Singapore: Oil prices fell further Friday on worries that a flagging US economy would weigh on crude demand.
Concerns about the economy were stoked by a US Commerce Department report Thursday that construction of new homes fell nearly a quarter in 2007, the largest drop in 27 years. Also, a Philadelphia Federal Reserve survey of regional manufacturing activity registered a negative 20.9 from a revised reading of negative 1.6 in December, coming in well short of expectations.
The data added to the negative economic sentiment that has been the market’s dominant driver in recent days, pushing prices down more than $10 from their record over $100 a barrel two weeks ago.
“It’s one piece of bad news after another,” said Victor Shum, an energy analyst with Purvin & Gertz in Singapore. “The worries about the US economic slowdown, and of oil demand slowing down in the US and other parts of the world, continue to weigh on the market.”
The White House and Congress moved toward a rescue of the US economy Thursday through steps that would include tax rebates. Federal Reserve Chairman Ben Bernanke endorsed the idea of putting money into the hands of those who would spend it quickly and boost the flagging economy. He said he expects slower economic growth in 2008, but no recession.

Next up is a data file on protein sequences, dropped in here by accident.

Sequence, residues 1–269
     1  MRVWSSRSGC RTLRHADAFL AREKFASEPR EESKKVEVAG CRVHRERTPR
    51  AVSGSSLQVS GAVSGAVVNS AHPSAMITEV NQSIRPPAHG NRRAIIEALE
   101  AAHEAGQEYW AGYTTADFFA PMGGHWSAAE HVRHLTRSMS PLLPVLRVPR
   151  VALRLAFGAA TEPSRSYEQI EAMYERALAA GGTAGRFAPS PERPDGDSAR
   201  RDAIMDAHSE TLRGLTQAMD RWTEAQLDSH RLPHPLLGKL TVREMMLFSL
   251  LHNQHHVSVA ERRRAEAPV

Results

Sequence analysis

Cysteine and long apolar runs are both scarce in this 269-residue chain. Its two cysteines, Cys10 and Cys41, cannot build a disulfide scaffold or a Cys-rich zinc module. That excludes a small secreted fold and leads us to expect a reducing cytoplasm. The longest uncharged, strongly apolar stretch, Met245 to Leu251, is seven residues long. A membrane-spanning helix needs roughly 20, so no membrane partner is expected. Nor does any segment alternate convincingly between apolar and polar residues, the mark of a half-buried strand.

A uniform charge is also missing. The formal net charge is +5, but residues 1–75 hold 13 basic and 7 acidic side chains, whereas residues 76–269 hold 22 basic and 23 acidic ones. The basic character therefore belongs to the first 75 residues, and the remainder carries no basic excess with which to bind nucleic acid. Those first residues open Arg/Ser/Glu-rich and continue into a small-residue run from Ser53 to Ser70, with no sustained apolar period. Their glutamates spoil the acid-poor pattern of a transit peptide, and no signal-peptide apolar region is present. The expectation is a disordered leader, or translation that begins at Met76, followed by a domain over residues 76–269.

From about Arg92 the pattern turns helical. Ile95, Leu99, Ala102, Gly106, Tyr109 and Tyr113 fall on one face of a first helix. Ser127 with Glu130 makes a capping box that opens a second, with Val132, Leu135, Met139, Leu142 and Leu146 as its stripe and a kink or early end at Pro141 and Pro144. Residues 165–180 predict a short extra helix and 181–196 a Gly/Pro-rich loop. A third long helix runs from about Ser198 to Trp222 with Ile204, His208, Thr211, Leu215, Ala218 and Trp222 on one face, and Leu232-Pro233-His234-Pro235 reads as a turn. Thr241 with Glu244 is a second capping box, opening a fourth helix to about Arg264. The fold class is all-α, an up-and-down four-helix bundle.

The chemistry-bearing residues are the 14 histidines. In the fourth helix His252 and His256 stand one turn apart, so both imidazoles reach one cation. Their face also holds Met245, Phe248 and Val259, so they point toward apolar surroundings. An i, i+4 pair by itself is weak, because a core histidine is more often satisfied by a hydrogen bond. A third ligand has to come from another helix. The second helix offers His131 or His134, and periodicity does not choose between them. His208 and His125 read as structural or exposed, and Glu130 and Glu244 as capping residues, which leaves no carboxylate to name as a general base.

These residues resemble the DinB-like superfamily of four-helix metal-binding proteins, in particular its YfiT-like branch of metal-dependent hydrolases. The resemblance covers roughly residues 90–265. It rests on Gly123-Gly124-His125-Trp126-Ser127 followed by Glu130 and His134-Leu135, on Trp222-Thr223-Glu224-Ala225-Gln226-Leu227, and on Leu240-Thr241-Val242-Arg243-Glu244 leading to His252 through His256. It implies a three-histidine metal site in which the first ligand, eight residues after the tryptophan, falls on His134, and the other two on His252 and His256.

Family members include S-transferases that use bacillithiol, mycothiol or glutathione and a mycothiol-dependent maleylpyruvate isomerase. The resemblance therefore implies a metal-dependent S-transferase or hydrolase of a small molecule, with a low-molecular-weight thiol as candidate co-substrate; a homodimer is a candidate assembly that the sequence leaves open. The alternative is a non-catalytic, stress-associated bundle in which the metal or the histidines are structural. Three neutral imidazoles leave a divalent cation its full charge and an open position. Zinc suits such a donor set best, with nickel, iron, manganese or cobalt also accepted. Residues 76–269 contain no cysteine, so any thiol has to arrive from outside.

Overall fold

“The good news, if you can call it that, is that the US Federal Reserve recognizes the weaker economic outlook, and it looks like actions will be taken both by the Bush administration and the Fed to help bolster the economy,” Shum said.
Light, sweet crude for February delivery dropped 41 cents to $89.72 a barrel in Asian electronic trading on the New York Mercantile Exchange by midday in Singapore. The contract fell 71 cents to settle at $90.13 on Thursday.
Meanwhile, the American Petroleum Institute, a trade group for oil and gas producers, said high prices cut demand for gasoline and oil in the fourth quarter. On Wednesday, the International Energy Agency cut growth predictions for world oil demand this year to 2.3% from a previous estimate of 2.5%.
Shum said that regardless of the health of the US economy, the oil market would soon be heading into a period of softer demand.
“No matter how the US economy turns out in the next few months, the global oil market will see softer demand when we go into February because peak winter demand would have passed and demand is typically weaker in the spring,” Shum said.
Heating oil prices lost 0.55 cent to $2.498 a gallon while gasoline prices dropped 0.28 cent to $2.264 a gallon.
Natural gas futures added 3 cents to $8.111 per 1,000 cubic feet.
In London, March Brent crude lost 10 cents to $88.65 a barrel on the ICE Futures exchange.